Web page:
Thursday, December 16, 2010
I was 9 years old when Monday Night Football debuted on ABC. But I remember it well.
I was a huge Dallas Cowboys fan. And one of the original members of the broadcast team in 1970 was Don Meredith, who played for the Cowboys from 1960-68.
Back then, folks wondered if televising a football game on Monday night would work. NFL games were only supposed to be on Sundays.
But, like most sports nuts, I became a big fan. I was hooked.
I don’t think I missed any Monday Night Football games for years – at least as long as “Dandy Don,” Howard Cosell and Frank Gifford were a part of the show.
I grew up 12 miles from town and there was no such thing as cable TV. We had an antennae and only picked up about three channels.
I was leaning toward a career in print journalism. But Meredith and Cosell almost made me switch to sports broadcasting.
Meredith played the role of comedian on the Monday night team. He was great.
His approach to color commentary was light-hearted and hilarious, while Cosell provided intellectual analysis and Gifford the play by play.
My fondest memory of Monday Night Football is Meredith singing, “Turn out the lights, the party’s over” when one team had locked up the victory. It was a line from a Willie Nelson song.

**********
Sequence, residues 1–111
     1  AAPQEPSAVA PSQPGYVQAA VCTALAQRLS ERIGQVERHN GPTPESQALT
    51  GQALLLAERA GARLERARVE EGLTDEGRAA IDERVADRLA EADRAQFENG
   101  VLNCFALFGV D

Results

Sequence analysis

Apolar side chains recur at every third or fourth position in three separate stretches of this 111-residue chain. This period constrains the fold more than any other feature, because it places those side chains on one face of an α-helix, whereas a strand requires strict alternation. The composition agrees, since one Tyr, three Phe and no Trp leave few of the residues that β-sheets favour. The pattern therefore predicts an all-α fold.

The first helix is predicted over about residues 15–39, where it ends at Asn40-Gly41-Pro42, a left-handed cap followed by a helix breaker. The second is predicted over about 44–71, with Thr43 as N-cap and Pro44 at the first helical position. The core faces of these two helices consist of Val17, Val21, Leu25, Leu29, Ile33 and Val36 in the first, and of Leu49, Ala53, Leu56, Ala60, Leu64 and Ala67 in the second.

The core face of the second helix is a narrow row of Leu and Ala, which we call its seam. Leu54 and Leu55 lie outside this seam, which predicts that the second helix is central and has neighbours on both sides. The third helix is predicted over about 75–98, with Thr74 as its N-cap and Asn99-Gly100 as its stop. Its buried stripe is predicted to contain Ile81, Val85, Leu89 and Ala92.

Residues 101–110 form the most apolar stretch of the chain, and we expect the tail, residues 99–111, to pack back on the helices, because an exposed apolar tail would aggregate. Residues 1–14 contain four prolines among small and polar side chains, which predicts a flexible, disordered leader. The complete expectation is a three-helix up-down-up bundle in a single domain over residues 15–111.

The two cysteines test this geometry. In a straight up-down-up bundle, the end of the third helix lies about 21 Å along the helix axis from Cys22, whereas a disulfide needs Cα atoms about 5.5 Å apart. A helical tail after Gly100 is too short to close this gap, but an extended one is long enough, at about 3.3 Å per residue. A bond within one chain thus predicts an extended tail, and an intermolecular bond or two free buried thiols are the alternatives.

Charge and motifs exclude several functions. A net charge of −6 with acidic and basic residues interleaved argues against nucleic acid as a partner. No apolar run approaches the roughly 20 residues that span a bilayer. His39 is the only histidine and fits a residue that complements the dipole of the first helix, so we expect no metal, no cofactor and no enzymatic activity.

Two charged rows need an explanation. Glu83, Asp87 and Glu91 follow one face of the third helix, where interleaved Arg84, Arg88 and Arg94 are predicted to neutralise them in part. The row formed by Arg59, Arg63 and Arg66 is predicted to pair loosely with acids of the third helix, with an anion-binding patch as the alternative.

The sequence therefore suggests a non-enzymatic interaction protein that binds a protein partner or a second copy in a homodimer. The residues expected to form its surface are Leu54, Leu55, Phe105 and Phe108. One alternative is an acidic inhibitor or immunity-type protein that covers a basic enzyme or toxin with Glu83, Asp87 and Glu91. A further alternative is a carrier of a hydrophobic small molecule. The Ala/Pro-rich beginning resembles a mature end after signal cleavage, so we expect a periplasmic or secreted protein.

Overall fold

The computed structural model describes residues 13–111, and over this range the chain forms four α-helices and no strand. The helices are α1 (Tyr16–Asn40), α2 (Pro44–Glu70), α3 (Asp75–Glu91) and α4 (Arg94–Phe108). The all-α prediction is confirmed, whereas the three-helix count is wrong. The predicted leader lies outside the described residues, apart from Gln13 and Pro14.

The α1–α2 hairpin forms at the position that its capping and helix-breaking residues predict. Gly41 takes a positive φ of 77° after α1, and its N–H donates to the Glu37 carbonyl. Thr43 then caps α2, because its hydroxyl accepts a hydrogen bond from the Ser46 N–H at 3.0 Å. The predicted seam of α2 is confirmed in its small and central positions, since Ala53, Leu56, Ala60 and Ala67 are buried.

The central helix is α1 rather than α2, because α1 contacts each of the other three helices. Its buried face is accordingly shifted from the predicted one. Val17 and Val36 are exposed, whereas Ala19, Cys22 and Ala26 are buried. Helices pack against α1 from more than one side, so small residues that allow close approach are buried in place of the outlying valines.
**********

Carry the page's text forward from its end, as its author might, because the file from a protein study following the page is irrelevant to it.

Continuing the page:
My friends and I, who grew up playing sports, adopted the phrase ourselves.
Meredith left Monday Night Football for three seasons (1974 to 1976) to work with Curt Gowdy at NBC, then returned to work with Cosell and Meredith at ABC. He retired from sportscasting after the 1984 season, a year after Cosell’s retirement. His final broadcast was Super Bowl XIX with Gifford and Joe Theisman, which was ABC’s first Super Bowl.
As a quarterback for the Dallas Cowboys, Meredith was a three-time Pro Bowl selection (1966, 1967 and 1969). He was one of the most popular Cowboys ever. He is a member the Dallas Cowboys Ring of Honor.
Don Meredith died Sunday, Dec. 5, at the age of 72.
His death and the tributes I’ve watched over the past week brought back many special memories of the original Monday Night Football and my love for the Cowboys.
Call me old-fashioned, but I like it the way it was then. I grew up with high school football on Friday nights, college football and NFL games on Sundays, except for the big one. All the teams wanted those Monday night games – in the spotlight on national TV.
Today there are high school games on Thursday nights, college football games every night of the week (thanks to TV, mainly ESPN), plus NFL games on Sundays, Thursdays, Saturdays, Mondays and perhaps more. NBC plugs Sunday Night Football, while ESPN has snatched up Monday Night Football.
I haven’t watched an entire Monday Night Football game in many years. And I’m a sports nut.
But if “Dandy Don,” Cosell and Gifford were back – no doubt, I would be glued to the tube.
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